The lead story in today’s Wall Street Journal chronicles a neat little morality play on corporate responsibility and the power of the free market.
Faced with the twin specters of childhood obesity and possible government regulation of children’s advertising, Kraft Foods, Inc. announced in January that it would stop advertising certain products to children under the age of 12.
To be sure, this is not a perfect solution. The company, which makes such teeth-rotting, waistline-expanding and nutritionally-challenged fare as Oreo and Chips Ahoy! cookies, Fruity Pebbles and Honeycomb cereals, and Kool-Aid drinks made exceptions to its self-imposed ban. For example, it continues to market its sugary and caloric Capri-Sun Sport drink to children, making it sound like Gatorade for youngsters.
Still, it seems that Kraft learned a lesson from the travails of its corporate sibling, Philip Morris USA. Philip Morris, of course, denied the health effects of tobacco for years. Then it lost its landmark $200 billion lawsuit in 1998. Now it is in favor of government regulation of the industry, which is opposed by other tobacco companies.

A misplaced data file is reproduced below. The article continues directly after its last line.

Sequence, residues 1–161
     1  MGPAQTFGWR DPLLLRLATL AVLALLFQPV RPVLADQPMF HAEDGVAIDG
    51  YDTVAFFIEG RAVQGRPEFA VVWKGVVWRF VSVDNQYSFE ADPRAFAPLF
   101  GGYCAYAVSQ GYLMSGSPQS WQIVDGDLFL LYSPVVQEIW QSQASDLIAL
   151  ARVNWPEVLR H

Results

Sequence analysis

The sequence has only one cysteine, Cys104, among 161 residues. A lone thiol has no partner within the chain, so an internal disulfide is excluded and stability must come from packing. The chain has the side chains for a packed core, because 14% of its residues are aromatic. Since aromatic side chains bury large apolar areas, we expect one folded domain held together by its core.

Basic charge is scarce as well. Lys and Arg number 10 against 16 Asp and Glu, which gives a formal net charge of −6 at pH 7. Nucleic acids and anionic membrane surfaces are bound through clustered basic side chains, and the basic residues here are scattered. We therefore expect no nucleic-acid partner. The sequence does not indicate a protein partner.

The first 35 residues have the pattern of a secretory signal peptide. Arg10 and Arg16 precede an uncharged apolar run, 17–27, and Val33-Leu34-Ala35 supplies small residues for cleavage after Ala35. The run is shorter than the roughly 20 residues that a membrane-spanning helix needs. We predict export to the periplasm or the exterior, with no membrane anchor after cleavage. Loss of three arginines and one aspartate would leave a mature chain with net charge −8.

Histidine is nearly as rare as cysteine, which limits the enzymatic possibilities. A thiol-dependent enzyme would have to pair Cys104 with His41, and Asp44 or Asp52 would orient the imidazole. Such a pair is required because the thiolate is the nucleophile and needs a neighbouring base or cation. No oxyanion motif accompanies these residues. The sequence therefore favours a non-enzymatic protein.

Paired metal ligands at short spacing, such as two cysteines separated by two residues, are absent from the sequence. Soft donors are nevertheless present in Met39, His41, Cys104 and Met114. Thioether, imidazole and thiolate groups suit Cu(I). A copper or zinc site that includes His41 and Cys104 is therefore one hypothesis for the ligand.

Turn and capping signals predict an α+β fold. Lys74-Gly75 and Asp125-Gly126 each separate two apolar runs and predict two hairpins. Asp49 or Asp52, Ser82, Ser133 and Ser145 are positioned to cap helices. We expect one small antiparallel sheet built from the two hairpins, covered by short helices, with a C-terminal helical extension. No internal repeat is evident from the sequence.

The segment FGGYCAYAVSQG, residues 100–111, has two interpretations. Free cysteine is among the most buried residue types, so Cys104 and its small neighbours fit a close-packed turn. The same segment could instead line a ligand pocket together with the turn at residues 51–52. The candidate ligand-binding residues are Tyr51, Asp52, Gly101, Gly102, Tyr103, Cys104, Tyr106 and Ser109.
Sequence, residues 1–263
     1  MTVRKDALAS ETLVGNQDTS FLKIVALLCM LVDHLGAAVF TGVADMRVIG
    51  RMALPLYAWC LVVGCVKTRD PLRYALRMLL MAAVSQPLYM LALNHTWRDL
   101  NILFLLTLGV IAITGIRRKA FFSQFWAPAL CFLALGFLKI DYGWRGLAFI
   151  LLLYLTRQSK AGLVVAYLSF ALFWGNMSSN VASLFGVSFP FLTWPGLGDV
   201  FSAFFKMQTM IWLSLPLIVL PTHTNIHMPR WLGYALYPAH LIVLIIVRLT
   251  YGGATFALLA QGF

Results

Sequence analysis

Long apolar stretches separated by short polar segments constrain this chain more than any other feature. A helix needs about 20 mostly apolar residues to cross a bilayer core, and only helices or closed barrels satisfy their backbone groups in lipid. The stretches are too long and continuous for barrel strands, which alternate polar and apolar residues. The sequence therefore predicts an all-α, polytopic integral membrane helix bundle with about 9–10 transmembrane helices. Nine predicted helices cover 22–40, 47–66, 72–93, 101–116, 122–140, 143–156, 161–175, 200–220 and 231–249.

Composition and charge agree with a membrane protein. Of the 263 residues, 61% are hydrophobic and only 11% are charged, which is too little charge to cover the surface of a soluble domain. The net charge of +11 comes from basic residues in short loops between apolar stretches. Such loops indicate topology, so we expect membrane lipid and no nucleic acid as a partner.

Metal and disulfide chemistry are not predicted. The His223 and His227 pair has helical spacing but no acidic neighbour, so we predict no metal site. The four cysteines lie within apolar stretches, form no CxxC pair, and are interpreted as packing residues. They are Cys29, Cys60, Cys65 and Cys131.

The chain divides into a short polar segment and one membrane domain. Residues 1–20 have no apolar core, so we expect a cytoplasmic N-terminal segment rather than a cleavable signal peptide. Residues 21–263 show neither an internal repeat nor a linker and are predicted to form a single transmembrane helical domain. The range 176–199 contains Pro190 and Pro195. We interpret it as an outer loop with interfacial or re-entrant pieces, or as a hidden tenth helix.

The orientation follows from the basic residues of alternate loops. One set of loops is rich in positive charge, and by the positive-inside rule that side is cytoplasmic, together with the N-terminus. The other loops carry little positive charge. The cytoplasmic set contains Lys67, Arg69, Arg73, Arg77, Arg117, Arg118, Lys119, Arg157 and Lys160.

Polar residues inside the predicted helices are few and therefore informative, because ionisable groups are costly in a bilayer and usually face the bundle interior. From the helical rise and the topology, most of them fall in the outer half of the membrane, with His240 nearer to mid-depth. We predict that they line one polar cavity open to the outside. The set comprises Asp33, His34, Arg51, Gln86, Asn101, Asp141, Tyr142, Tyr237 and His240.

Kraft is in a similar bind. Its competitor, General Mills, Inc., continues to market its Trix and Lucky Charms cereals to this young demographic, unburdened by any sense of shame or fear of a tarnished reputation.
Despite its imperfection, Kraft is to be applauded for its decision. What’s more, Kraft took this step without being forced into it by government regulation. Therein lies the moral: In the end, it is up to individual companies and industries to understand what’s right and what’s wrong. They may be pleasantly surprised to find out that it is good business, too.